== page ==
(Bloomberg) -- New Zealand Prime Minister Jacinda Ardern could be facing a tough battle to win re-election this year, with her opponents holding a small lead seven months out from the vote, a new poll shows.
The opposition National Party is steady on 46% support, retaining its position as the country’s most popular political party, the Colmar Brunton/One News poll shows. Ardern’s Labour Party has 41% support and its ally the Greens has 5%, meaning the center-left bloc is neck-and-neck with National. However, the poll shows National could form a government together with the small ACT Party, which has 2% support.
While Ardern has won plaudits for her leadership overseas and enjoys strong personal ratings at home, her government has been criticized for failing to deliver on key promises, such as fixing a housing crisis and tackling homelessness. Coalition partner the New Zealand First Party is also under investigation by the Serious Fraud Office over donations from companies and wealthy individuals that may not have been properly declared.
Jacinda Ardern’s Global Stardom May Not Help Her Win Re-Election
Ardern does have one big advantage -- her personal popularity. She remains the country’s preferred prime minister by a wide margin, with 42% support compared with just 11% for National leader Simon Bridges.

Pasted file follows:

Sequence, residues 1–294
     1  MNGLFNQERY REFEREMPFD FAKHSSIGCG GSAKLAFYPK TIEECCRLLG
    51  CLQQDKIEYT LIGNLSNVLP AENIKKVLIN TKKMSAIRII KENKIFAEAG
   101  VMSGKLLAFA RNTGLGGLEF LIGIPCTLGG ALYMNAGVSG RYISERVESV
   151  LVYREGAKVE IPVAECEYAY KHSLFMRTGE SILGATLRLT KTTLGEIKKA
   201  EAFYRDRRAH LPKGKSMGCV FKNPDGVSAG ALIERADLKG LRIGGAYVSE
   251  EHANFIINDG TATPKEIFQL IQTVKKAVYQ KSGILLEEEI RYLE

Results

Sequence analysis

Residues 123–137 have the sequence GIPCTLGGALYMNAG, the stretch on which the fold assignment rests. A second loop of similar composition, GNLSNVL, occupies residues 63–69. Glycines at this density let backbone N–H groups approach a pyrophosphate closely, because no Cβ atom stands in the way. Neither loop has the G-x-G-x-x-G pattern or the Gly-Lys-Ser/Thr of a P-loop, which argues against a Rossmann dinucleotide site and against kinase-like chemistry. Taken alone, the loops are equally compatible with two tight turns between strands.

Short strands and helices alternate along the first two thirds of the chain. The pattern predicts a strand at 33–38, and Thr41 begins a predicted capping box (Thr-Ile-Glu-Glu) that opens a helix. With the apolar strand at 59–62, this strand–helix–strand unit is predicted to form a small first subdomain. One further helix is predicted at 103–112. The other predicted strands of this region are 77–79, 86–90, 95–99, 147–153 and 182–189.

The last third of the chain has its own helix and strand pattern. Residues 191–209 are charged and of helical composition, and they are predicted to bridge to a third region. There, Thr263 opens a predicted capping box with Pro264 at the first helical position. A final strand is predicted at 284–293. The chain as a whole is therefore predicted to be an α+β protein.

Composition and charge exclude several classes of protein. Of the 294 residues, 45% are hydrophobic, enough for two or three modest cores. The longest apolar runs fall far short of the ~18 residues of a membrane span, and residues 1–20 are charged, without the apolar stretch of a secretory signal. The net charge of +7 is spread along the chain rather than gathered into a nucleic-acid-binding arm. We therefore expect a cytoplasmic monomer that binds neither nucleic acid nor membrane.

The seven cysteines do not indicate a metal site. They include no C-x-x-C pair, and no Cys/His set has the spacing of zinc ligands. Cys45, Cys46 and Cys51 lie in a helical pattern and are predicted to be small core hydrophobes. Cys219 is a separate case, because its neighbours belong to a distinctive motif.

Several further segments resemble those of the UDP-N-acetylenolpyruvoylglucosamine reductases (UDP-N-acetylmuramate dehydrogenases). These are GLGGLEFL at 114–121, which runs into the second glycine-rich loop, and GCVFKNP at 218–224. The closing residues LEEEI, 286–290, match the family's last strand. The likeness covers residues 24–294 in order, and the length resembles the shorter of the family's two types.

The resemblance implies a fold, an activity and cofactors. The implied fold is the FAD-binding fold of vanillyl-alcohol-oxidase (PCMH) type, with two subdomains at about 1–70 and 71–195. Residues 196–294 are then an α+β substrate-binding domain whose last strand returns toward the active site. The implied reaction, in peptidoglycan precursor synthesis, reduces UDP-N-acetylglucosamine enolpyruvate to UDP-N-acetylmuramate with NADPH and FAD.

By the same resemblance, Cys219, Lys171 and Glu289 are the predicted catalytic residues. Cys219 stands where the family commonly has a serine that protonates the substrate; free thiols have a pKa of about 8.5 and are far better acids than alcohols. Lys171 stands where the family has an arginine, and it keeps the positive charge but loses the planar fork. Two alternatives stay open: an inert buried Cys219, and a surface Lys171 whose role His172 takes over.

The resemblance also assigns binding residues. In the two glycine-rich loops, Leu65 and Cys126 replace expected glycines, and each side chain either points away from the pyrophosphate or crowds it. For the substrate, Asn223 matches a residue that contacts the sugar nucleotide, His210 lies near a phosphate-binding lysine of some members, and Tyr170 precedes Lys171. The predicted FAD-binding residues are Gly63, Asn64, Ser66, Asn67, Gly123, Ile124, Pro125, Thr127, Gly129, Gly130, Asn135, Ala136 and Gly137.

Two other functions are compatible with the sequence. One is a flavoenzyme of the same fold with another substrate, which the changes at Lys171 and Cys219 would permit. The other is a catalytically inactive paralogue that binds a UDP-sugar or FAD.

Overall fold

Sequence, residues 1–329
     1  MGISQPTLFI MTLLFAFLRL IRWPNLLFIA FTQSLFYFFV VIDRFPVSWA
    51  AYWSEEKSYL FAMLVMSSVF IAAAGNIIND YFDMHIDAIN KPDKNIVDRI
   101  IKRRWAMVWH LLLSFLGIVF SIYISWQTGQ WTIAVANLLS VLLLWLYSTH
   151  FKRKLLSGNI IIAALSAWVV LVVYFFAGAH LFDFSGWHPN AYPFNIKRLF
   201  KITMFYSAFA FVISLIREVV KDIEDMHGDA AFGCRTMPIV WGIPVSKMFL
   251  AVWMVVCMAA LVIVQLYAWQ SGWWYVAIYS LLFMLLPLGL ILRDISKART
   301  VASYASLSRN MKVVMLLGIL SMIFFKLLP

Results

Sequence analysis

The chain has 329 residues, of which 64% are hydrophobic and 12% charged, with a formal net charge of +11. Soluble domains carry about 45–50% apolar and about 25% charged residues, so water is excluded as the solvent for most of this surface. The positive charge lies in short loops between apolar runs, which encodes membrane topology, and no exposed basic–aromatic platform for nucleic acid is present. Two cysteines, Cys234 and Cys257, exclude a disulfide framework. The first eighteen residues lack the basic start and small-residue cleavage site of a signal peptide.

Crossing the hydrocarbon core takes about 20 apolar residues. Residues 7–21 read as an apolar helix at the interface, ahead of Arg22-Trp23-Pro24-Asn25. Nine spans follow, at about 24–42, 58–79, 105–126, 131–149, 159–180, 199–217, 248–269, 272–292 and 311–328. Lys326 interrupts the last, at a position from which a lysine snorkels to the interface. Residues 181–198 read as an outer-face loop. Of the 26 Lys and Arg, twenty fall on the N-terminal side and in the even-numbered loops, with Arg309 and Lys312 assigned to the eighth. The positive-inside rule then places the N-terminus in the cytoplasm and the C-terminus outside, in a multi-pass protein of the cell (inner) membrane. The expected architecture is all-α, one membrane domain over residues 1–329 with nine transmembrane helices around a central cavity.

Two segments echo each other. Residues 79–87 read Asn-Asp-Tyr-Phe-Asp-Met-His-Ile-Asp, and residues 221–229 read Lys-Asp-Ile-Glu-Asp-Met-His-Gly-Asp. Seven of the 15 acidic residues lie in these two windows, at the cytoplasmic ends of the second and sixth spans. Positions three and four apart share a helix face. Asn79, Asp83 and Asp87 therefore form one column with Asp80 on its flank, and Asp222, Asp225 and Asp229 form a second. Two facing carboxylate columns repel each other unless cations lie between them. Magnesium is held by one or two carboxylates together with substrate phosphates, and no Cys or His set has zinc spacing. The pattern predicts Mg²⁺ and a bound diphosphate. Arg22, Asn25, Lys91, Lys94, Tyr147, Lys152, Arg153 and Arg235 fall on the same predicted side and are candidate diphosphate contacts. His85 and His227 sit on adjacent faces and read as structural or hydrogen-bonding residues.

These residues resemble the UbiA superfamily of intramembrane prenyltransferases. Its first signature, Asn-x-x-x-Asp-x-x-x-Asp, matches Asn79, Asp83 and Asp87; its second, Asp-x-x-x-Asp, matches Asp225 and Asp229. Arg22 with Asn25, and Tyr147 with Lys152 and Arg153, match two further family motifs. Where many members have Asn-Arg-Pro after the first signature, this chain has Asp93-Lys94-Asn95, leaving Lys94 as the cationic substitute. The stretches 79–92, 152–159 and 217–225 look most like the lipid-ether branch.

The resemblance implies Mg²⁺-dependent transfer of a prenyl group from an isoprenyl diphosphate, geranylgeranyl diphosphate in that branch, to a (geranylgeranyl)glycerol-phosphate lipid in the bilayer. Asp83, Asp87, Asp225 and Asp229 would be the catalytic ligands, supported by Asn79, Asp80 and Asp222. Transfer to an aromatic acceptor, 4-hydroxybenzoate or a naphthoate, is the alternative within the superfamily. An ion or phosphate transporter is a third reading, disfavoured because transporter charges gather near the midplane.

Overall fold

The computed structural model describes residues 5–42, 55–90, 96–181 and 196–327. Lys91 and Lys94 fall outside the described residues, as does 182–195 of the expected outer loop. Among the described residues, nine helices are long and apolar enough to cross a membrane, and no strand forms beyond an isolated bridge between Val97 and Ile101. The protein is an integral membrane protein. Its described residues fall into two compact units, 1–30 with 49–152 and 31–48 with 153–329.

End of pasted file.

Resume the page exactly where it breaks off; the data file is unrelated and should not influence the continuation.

The central bank also forecasts that come election day on Sept. 19, New Zealand will be in the midst of a robust economic recovery, aided by rising house prices and the government’s infrastructure spending plan. The Reserve Bank predicts growth of 2.7% over the final three quarters of 2020 alone.
New Zealand will also hold two referendums with the general election that will ask voters whether the country should legalize cannabis and euthanasia. They could give platforms to the libertarian ACT Party, which proposed the euthanasia reform, and the Greens, who champion the marijuana law change.
Under New Zealand’s proportional electoral system, parties need to get 5% of the vote or win an electorate seat to get into parliament. ACT has one seat whereas the populist New Zealand First, currently doesn’t. It had 3% support in the poll and would not get back into parliament on those numbers unless it won an electorate.
The Colmar poll was conducted Feb. 8-12 and has a margin or error of 3.1 percentage points.
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